by Marie-Louise Jensen
For a number of years, I had a bit of an obsession with the Faeroe Islands, dating from receiving a postcard from there aged 20. The islands looked so weird and wonderful, distinctive green mountains rising steeply out of the sea, and I instantly wanted to visit.
It was 20 years before I got there, but in the intervening time, I read a fair bit of Faeroese literature (in Danish) and was generally fascinated by the remoteness of the islands and the isolated life there. A life that was isolated not just from other countries but by being a series of islands with treacherous seas running between them.
In the Viking era, the islands must have seemed less of a remote outpost than they do now, despite all that cheap flights and bridge-building between islands by the Danish government can do. The Fareoes were very central in the North Atlantic trade and exploration routes - a handy stop over on a voyage to Iceland, Greenland or even Scotland from the rest of Scandinavia.
The Vikings settled them early - duly driving out the Irish monks, as they did in Iceland. They even had their own saga - Faereyinga Saga - though the manuscript has sadly been lost.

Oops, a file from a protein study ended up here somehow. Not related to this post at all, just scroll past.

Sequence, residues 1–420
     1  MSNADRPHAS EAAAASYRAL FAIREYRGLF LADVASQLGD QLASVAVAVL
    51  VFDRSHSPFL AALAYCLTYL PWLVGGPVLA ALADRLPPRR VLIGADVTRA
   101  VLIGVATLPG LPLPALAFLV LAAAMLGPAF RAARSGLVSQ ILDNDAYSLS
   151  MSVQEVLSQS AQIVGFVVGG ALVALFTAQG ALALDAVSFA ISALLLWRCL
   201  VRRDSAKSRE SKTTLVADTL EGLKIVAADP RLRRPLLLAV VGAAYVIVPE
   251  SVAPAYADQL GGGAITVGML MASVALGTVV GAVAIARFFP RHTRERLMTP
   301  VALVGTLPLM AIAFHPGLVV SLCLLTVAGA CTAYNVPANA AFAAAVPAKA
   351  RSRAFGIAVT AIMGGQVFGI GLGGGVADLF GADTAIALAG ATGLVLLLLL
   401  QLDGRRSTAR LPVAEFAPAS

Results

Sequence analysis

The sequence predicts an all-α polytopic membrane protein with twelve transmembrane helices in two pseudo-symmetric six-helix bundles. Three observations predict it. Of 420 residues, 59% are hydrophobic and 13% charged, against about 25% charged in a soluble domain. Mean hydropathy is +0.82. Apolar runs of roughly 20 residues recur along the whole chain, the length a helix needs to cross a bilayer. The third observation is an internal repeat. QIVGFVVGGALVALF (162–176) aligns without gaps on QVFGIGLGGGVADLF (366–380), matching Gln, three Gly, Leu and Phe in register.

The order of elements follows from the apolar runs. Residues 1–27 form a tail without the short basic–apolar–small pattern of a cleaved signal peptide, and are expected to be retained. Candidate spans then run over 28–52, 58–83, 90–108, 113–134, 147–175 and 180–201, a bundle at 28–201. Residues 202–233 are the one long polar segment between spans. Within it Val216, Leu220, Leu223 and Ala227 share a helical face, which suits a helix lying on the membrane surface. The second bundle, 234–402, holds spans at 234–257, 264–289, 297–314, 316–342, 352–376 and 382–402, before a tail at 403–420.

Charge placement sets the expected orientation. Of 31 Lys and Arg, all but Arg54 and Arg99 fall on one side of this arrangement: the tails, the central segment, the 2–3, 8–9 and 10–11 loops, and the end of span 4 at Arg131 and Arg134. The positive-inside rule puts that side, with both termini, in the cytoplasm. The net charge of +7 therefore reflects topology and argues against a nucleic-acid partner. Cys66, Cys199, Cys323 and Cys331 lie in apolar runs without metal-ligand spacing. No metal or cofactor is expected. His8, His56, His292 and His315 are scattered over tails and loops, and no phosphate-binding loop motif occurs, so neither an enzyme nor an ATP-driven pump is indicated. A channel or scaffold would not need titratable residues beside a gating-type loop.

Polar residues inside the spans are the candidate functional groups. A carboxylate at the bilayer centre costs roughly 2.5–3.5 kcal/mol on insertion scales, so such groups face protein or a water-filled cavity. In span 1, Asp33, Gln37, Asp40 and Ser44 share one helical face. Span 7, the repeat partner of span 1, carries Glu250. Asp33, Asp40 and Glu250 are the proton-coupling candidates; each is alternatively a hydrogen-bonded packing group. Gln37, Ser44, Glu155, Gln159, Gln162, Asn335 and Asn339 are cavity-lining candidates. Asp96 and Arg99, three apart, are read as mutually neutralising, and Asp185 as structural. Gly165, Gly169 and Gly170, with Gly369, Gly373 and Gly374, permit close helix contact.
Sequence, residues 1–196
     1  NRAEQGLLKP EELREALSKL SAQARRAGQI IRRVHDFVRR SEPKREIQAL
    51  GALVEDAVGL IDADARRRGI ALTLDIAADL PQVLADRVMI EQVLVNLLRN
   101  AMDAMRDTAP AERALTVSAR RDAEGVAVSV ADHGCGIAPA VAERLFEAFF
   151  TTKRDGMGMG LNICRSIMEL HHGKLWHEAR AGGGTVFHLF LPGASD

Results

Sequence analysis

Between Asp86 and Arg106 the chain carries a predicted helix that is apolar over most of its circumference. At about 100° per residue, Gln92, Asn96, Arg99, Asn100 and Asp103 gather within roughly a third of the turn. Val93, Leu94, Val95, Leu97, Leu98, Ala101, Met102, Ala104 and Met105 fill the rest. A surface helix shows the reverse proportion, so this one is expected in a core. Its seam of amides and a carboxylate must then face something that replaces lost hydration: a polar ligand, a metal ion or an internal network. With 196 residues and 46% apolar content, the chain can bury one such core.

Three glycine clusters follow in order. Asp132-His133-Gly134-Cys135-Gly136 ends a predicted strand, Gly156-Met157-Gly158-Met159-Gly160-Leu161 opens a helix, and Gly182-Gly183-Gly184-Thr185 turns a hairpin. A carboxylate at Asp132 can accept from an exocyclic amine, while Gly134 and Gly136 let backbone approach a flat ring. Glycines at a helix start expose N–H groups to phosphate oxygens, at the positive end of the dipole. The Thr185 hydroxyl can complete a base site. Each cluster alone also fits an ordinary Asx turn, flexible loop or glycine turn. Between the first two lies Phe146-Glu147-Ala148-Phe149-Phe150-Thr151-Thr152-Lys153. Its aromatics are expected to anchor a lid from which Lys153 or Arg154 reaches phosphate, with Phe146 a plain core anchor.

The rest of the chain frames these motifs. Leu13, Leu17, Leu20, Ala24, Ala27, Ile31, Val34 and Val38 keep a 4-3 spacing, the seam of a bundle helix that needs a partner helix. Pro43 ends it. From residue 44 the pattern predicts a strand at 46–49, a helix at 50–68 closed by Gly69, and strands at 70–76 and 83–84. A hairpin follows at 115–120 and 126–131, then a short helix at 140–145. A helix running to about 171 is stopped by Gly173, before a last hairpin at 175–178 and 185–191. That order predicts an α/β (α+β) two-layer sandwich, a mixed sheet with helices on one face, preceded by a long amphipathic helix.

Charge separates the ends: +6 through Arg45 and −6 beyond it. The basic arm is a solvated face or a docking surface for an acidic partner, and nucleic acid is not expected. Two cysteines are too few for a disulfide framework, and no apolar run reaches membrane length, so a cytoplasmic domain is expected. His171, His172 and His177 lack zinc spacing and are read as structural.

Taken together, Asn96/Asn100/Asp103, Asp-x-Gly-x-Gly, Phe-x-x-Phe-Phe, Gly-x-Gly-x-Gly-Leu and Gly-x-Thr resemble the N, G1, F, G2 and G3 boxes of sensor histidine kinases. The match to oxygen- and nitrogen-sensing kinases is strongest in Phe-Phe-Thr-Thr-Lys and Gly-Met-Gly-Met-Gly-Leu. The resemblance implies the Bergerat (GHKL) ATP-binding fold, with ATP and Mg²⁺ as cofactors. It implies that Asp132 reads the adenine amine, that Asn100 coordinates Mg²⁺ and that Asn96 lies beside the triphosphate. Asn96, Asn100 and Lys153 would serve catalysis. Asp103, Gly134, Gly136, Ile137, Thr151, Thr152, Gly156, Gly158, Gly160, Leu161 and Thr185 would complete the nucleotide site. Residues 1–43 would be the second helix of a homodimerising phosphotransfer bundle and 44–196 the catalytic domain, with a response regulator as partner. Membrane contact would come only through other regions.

In the sagas where they are mentioned, ships stop over on their way to Iceland, and I was inspired by that for my travellers in Daughter of Fire and Ice to stop there for fresh water; a life-changing stopover for my characters as it turned out.
Most of the literature I read about set in the islands was about mu
ch later periods - priests who were deeply mortified about being posted to such a backwater, or who tried desperately to stop their incorrigible flock spending their days in drunkenness. And - an eye-opener for me - about the leper colony on one of the islands. The over-riding theme of the later literature (19th century and prudish) was the issue of sexual licence. A small colony was in need of new blood to avert in-breeding, so the women reputedly tumbled into bed with every sailor who visited. Myself, I suspect this was either much exaggerated by the male authors (who also told tales of stoning brothers and sisters to death for incest) or down to the Faeroese men being jealous or perhaps they just didn't know how to treat their women properly?
There's no doubt it was a hard life and a poor one for much of the islands' history.